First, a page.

Late night at the Dunkin Donuts: A series of stories by Jeff Sharlet.
Jeff Sharlet | Longreads | September 2014 | 12 minutes (2,802 words)
Dunkin Donuts, West Lebanon, New Hampshire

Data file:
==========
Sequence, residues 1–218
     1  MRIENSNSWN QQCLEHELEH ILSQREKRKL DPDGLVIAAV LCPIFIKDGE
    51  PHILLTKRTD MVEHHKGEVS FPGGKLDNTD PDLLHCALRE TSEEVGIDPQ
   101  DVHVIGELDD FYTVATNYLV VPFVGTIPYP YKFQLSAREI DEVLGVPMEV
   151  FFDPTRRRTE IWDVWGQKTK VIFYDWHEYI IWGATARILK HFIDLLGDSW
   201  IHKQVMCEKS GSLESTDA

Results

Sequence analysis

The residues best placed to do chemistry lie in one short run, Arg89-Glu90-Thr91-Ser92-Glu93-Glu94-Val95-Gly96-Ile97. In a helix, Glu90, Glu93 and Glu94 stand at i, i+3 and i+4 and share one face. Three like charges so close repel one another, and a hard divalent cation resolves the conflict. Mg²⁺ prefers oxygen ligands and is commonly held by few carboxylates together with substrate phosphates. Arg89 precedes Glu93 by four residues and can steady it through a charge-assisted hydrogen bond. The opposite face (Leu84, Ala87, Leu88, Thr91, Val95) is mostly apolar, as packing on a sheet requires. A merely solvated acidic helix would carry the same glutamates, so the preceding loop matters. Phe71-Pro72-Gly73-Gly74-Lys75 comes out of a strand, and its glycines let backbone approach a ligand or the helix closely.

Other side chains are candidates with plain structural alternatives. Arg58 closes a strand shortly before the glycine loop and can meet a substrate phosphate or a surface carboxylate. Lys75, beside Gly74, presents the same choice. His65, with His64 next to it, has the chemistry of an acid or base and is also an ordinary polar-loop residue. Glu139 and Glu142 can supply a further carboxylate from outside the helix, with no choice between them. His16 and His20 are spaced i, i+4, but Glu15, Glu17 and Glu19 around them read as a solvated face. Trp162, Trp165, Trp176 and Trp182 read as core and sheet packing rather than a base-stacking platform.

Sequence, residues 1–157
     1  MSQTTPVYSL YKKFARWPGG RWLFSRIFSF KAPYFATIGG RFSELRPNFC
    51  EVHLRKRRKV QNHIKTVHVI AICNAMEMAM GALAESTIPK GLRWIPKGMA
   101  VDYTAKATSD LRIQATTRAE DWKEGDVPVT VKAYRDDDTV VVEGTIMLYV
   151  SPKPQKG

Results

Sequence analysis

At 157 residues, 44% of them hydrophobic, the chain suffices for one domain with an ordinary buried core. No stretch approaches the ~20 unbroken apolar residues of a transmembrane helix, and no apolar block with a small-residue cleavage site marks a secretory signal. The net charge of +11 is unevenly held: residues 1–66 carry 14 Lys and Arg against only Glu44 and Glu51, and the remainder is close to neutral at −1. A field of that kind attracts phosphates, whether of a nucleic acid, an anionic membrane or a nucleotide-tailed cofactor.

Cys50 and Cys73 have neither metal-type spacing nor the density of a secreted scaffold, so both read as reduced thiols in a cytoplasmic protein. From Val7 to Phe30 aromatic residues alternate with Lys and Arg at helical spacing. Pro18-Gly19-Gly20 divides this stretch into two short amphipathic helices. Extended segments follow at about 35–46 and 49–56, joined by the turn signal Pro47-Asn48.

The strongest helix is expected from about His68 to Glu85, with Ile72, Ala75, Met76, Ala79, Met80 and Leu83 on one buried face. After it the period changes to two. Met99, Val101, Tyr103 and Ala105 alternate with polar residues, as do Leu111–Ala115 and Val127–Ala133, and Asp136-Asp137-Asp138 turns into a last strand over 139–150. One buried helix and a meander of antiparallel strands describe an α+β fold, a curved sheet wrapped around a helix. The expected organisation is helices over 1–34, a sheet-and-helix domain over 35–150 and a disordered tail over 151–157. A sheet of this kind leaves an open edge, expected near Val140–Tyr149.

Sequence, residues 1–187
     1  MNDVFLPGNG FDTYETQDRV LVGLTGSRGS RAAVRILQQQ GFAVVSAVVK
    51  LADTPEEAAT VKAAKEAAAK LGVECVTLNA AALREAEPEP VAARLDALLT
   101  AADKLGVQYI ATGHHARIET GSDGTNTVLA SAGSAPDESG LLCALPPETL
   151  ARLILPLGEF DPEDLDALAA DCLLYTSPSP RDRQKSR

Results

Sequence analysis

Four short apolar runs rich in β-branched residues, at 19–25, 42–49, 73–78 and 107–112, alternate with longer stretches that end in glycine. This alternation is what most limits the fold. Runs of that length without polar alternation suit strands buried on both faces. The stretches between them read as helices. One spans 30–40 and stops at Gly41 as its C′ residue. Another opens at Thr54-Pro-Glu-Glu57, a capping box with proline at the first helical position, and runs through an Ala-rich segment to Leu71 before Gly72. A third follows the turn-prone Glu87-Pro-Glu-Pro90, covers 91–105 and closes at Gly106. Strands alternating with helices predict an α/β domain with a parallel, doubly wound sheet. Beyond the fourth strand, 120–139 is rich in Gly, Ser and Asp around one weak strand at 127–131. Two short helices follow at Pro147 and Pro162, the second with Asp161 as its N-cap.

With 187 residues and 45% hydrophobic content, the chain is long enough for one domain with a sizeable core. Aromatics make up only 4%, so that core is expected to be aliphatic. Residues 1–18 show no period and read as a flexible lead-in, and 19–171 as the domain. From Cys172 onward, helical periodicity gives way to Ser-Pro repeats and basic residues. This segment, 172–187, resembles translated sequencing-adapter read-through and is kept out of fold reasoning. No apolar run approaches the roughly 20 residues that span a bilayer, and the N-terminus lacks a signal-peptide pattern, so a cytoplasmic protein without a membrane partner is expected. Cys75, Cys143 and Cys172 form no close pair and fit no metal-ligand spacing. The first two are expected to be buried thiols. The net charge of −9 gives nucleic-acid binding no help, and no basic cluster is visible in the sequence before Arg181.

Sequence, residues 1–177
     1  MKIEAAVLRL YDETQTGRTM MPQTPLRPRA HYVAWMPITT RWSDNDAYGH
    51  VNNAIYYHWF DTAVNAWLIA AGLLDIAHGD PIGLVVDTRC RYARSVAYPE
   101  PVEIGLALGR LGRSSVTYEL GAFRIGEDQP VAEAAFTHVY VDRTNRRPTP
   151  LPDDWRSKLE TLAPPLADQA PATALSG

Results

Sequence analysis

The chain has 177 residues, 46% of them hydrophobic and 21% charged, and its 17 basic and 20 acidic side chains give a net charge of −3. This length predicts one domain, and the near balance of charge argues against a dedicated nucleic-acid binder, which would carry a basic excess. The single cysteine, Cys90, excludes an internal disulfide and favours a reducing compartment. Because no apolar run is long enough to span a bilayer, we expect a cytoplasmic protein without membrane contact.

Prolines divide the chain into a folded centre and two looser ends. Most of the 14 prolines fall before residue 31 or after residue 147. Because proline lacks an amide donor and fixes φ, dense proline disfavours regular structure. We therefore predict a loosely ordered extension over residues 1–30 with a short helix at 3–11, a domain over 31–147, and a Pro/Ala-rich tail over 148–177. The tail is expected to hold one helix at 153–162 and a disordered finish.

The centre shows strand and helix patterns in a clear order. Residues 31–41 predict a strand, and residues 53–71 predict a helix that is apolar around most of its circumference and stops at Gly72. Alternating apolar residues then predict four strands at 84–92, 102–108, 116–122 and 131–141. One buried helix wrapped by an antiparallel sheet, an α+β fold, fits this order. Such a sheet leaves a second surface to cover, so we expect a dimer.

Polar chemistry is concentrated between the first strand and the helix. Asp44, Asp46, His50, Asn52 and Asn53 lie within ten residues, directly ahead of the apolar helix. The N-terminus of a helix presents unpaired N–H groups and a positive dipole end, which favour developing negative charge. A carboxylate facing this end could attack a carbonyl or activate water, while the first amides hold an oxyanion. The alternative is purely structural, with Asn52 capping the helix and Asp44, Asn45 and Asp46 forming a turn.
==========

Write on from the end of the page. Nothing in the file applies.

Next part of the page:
The night shift, for me, is a luxury, the freedom to indulge my insomnia by writing at a Dunkin Donuts, one of the only places up here open at midnight. But lately my insomnia doesn’t feel like such a gift. Too much to think about. So click, click, goes the camera—the phone—looking for other people’s stories. This is Mike’s: He’s 34, he’s been a night baker for a year, and tonight is his last shift. Come 6 a.m., “no more uniform.” He decided to start early. He’s going to be a painter. “What kind?” I ask. “Well, I’m painting a church…” He started that early, too. “So I’m working, like, eighty hour days.” He means weeks, but who cares? The man is tired. He doesn’t like baking. Rotten pay, rotten hours, rotten work. “You don’t think. It’s just repetition.” Painting, you pay attention. “You can’t be afraid up there.” He means the ladder, the roof. “I’m not afraid,” he says. He’s a carpenter’s helper. “I can do anything.” He says he could be a carpenter. “But it hasn’t happened.” Why bake? “Couldn’t get a job.” Work’s like that, he says, there are bad times. Everything’s like that, he says. There are bad times. “Who’s the tear for?” The tattoo by his right eye. “For my son,” he says. “Who died when he was two months old.” That’s all he’ll say about that. “This next job will be better,” he says.Continue reading “#Nightshift: Excerpts from an Instagram Essay”